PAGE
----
• 4. 4 The analysts were wrong and the stocks retreated. A much more dramatic example is provided by the fascination with technology and internet stocks in the late 1990s. There was nearly a consensus among analysts that these stocks could seemingly rise forever. When the bubble burst in April, 2000, the plunge was swift and terrible. The River of Money The stock market is consistently buoyed on the demand side by the River of Money that comes in from large institutional investors, such as pension funds and insurance companies, hedge funds and enormous inflows from mutual funds. including that component of mutual funds that are reserved for 401-K, IRA, and other retirement accounts. The last two decades have seen a decline in the popularity of defined benefit pension plans and their replacement by 401-K, IRA, and similar plans. The latter tend to be far more invested in stocks. Additionally, the investing public has a much better understanding of how mutual funds work than in generations past and so are willing and able to funnel ever larger amounts of saved funds into equity mutual funds. The best evidence of the importance of the river of money is provided by the Investment Company Institute, who release monthly detailed data showing net new fund flows into various categories of mutual funds, including equity funds. The graph below, taken from ICI data, shows Net New Cash Flow to Mutual Funds in recent years for all mutual funds and for stock funds in $ billions. (c) 2004-2006, Gary R. Evans. This document may be used for educational purposes only without permission of the author, subject to the condition that this copyright statement is not removed. Any use of this document without this copyright statement is strictly prohibited.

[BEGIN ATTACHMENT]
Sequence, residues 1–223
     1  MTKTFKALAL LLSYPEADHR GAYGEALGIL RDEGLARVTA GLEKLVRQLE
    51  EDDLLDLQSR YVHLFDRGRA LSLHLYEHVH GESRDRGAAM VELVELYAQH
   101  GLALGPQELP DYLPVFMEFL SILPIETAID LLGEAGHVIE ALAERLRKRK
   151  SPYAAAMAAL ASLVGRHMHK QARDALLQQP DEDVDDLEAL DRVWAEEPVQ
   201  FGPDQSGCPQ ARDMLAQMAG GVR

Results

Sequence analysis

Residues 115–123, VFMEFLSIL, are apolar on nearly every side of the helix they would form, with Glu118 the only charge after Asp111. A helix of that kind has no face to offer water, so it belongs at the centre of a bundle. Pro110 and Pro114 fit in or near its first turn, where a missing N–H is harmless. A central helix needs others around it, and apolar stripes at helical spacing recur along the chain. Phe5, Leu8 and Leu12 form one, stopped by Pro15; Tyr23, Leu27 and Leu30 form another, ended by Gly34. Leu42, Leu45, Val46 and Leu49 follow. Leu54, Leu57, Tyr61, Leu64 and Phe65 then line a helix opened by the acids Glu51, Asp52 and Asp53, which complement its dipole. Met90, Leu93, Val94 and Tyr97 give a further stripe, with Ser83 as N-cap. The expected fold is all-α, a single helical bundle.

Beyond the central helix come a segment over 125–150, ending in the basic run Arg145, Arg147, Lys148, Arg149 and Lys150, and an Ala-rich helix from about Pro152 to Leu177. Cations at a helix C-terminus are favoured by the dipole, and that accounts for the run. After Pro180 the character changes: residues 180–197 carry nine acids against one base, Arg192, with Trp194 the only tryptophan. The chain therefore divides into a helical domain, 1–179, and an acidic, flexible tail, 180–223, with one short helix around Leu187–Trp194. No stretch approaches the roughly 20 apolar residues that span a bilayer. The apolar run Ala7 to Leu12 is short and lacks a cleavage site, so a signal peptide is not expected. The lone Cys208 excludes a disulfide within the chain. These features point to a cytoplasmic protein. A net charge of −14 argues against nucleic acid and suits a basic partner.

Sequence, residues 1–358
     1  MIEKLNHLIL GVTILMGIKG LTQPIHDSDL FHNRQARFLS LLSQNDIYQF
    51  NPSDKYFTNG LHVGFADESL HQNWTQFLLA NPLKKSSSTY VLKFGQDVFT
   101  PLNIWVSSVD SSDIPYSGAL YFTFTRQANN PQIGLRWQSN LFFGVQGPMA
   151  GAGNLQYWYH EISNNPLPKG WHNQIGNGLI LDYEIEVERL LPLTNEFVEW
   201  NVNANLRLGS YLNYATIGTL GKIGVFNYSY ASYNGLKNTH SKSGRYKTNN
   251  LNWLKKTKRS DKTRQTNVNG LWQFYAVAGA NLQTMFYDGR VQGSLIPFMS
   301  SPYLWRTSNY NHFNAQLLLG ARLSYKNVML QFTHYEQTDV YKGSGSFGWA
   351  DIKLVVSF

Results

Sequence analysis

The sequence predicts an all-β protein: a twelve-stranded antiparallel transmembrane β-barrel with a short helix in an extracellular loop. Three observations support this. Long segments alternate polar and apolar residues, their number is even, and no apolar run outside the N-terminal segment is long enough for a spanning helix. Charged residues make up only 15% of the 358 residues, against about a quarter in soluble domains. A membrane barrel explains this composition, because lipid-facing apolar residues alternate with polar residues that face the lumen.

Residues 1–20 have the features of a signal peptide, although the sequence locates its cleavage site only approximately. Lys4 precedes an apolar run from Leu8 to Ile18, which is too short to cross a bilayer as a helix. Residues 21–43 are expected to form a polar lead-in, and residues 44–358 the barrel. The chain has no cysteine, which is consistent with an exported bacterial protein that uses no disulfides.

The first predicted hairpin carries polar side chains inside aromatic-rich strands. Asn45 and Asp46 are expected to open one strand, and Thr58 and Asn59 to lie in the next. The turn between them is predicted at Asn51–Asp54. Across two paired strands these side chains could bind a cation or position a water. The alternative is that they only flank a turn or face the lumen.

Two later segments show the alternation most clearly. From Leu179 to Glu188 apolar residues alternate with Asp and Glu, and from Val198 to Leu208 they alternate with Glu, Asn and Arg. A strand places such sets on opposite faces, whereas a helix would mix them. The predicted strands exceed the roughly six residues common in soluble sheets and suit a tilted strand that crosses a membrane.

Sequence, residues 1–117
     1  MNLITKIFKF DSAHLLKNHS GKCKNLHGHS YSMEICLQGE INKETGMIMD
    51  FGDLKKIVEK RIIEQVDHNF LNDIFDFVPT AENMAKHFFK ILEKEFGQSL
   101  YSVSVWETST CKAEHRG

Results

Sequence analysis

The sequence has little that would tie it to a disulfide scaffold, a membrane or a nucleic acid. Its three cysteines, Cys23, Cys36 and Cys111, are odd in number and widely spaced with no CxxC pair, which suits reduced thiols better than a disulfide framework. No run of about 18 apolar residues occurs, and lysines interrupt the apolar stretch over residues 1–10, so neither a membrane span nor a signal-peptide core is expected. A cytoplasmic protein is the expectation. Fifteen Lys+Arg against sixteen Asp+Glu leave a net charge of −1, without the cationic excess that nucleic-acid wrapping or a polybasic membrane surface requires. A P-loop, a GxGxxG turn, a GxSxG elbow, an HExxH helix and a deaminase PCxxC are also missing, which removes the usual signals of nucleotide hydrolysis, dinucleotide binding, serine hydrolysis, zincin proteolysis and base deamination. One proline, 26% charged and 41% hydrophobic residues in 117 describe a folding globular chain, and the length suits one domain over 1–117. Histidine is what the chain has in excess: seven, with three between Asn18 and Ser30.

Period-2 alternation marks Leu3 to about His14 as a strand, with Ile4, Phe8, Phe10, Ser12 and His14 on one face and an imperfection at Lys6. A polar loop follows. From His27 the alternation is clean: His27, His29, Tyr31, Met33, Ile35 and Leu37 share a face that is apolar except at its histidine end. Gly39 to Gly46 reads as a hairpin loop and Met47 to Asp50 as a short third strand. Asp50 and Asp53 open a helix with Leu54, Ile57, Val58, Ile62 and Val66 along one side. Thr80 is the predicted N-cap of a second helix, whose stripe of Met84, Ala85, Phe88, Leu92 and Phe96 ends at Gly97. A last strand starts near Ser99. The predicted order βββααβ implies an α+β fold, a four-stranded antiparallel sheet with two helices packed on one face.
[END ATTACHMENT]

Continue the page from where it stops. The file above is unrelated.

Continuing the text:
• 5. 5 500 400 300 200 100 0 -100 -200 -300 84 85 86 87 88 89 90 91 92 93 94 95 96 97 98 99 00 01 02 03 04 05 06 07 08 Stock Mutual Funds All Mutual Funds Remember, this is the new cash flowing in, and so long as this is strongly positive. clearly this establishes a demand floor for stocks. Note the correlation between these changes in the 1990s and the phenomenal bull market of the same period. So long as this flow continues and stocks remain an attractive investment, this will be the foundation for solid growth. However, in a panic theoretically much of this money will exit just as quickly - or even more quickly, than it arrived. As the graph shows, in 2000, more than $309 billion net flowed into equity mutual funds, compared to $13 million in 1990. This same figure plunged 90% to $32.3 billion in 2001, which removed the demand floor from the stock market for that entire year. That figure plunged even more to outflows of $27.75 billion in 2002, then fully recovered in 2003 to healthy inflows of $152.8 billion, perfectly correlated with the market’s 2003 recovery. Even worse, as can be seen in the same graph, in the serious market downturn that began in late 2007 and continued through 2008, there was a record outflow of funds from stock mutual funds, which greatly contributed to the decline of the market. Given the distress in the credit markets in these years, it would not be correct to say that this outflow caused the market decline. More accurately, it reflected the decline and contributed greatly to its depth and duration. The public can be very fickle and a loss of confidence by the investing public can slow the river to a trickle. Inflation and High Interest Rates High inflation will always be accompanied by high interest rates, but there are times when high interest rates are not associated with high inflation rates (such as when the Federal Reserve System is using high interest rates as the means to prevent an emerging inflation). (c) 2004-2006, Gary R. Evans. This document may be used for educational purposes only without permission of the author, subject to the condition that this copyright statement is not removed. Any use of this document without this copyright statement is strictly prohibited.